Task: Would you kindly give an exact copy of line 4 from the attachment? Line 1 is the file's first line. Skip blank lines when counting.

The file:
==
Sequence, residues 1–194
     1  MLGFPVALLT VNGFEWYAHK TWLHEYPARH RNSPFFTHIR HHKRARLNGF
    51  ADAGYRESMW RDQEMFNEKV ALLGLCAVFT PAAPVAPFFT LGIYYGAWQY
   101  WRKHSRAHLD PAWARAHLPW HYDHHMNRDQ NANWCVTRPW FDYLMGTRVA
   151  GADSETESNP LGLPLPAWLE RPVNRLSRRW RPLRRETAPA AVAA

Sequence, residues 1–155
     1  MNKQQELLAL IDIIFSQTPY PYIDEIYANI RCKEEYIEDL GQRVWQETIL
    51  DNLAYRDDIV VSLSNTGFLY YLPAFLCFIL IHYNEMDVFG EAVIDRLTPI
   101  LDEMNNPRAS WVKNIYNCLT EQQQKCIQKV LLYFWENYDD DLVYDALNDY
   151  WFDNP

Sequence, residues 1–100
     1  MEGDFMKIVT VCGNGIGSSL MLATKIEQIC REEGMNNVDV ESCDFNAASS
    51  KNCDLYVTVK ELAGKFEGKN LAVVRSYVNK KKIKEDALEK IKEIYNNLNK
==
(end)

   101  WRKHSRAHLD PAWARAHLPW HYDHHMNRDQ NANWCVTRPW FDYLMGTRVA